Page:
I love my time with my son. I love how I can see him grow and all that child-like wonderment that comes with it. All that being said, it is pretty tough to fit work in there–with all the games of chase, meals, going here and there, trying to make sure you do some form of educational things, the 45-minute power nap at 3 pm. With all of that, where can you fit work in?
I like that I am able to do this. I am glad to be able to see and be a part of my son’s growth and development, but trying to find the time to work can be a pretty good challenge.
Some days it can seem like everything is against you, and some days that can be the case, but you have to find a way to power through it. You have to find ways to be inventive–be it hiding out in a closet at midnight, going to a place that has wi-fi and a playground, writing your ideas down and then writing/typing as fast as you can before the end of his 45-minute power nap, and learning how to go with very little sleep.
I am hoping this doesn’t come across as a whiny, crying-in-my-beer type of rant/post, as it is not.
For people who work from home or are a stay-at-home parent, this is just a normal day, with all the things that go on everyday. It’s not a complaint, just a point-of-fact.
There are parents who do this with 2… 3–heck even-5-or-6 kids. (You are parenting gods to me–for being able to do this.) And, they work their tails off. Just taking care of your child is a 26-hours-a-day, 365-days-a-year job, and yes having a kid or kids is awesome and fun. But, it is work: a lot of work. All that, and you’re trying to do a full-time job on part-time hours, all the while trying to make deadlines and meet sales goals.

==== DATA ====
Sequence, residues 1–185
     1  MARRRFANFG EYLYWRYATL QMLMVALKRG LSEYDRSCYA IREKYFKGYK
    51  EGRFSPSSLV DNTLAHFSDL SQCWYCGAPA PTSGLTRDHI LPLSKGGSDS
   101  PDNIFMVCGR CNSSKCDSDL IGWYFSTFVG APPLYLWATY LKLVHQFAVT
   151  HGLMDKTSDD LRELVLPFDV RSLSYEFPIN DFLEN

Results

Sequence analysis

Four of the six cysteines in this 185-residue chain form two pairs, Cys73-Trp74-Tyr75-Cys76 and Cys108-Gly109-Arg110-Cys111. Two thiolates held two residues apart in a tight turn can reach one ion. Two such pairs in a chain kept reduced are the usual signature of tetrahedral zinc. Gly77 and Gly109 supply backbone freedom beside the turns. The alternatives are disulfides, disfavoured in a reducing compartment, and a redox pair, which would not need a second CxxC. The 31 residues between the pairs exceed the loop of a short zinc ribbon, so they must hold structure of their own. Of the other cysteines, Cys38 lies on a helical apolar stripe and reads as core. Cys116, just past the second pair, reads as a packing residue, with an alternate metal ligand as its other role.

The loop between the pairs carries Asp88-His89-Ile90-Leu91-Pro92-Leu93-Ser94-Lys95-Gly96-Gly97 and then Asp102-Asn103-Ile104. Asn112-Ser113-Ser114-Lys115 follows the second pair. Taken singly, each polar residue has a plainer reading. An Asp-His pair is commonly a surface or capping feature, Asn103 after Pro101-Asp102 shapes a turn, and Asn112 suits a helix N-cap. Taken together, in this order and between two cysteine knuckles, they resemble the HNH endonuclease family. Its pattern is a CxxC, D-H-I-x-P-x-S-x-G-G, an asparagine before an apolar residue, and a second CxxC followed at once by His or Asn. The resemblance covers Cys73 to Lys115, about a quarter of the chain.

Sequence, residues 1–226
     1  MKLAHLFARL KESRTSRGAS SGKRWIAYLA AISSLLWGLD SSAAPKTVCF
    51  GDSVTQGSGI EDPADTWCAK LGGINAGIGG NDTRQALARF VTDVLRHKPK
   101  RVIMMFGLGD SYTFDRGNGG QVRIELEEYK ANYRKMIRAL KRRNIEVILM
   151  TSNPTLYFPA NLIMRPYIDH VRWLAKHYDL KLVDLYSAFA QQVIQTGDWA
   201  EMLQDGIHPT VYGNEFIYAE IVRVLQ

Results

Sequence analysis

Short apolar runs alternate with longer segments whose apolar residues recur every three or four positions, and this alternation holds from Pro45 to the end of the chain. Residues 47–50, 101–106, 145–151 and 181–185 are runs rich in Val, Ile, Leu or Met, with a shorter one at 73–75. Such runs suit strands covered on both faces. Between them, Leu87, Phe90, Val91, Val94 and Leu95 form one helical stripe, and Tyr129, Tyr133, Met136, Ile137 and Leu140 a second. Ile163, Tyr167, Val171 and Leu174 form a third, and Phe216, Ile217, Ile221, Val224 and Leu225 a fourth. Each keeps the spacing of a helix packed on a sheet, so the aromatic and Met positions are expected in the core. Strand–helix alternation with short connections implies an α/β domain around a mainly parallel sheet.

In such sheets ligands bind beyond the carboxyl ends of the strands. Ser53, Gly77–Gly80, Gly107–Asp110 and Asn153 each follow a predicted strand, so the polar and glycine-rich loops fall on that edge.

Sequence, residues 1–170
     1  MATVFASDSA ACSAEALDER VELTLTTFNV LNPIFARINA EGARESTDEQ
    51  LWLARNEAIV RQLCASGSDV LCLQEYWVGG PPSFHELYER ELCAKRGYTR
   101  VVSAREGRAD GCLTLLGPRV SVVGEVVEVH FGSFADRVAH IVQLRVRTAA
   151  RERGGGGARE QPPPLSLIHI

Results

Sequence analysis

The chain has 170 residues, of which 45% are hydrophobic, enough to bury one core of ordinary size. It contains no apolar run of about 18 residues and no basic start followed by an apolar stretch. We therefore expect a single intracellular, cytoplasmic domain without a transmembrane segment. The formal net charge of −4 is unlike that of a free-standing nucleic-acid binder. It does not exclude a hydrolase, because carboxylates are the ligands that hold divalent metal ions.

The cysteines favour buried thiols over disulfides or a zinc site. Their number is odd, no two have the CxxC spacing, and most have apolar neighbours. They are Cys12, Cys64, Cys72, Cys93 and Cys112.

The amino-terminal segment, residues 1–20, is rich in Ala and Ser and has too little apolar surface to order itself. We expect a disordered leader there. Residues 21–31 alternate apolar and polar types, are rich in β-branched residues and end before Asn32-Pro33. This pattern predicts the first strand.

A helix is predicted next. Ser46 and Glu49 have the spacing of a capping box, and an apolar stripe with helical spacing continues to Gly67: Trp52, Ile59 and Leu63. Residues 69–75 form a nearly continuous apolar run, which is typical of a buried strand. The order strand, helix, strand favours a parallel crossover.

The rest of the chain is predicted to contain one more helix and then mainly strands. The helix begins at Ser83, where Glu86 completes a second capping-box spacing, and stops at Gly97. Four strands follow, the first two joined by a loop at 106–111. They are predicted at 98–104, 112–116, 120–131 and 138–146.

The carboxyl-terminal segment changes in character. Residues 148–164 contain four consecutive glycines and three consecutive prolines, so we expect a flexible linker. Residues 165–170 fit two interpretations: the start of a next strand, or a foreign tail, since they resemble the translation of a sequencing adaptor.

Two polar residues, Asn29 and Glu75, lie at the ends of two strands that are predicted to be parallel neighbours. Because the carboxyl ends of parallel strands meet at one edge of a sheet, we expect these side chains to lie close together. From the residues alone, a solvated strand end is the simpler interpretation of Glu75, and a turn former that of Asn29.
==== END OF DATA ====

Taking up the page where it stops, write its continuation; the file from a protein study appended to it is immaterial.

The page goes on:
Now, hearing all this, you would think people who do this are certifiable and need to have their heads examined. While, yes, there may be some merit for that train of thought, you would be very wrong. Nothing can compare to being able to watch your child grow, and evolve before your eyes–each and every day.
You may think you didn’t miss a lot when you were away at work every day (for the 8 or so hours), but you do. Your child is changing not daily but hourly (minute-by-minute), as they discover new things. Your child grows so fast.
Ask any parent who have grown children. Heck, ask any parent who watches their child go to preschool or kindergarten. One moment you are holding them for the first time at birth and then you blink and they are running from you without a kiss or hug to their friends, who are standing in-line for the first day of 1st grade.
So, yeah, I have tough days, where everything goes wrong–with spilt milk on the laptop, when nothing fits right, (the shirt is too itchy, the socks are too short or long, the “I don’t want to wear clothes/diaper” days, and the “I don’t want/need a nap.” There’s even all those days when you know it’s a: “I am not happy and upset and I don’t know why”–those are many!
I would not change any of it. Before I know it, the tomorrows will be less: all the yesterdays will far out-pace them.
The days of fitting in my hands are gone; the days of fitting in my lap are growing shorter. So, each day is a day I don’t want to miss. Being a work-from/stay-at-home dad is a job that makes me the richest man in the world. It’s a job that isn’t a job, but is. So this is a story, a story about loving what you do, and as the saying goes, “When you love your job, you never work a day in your life.”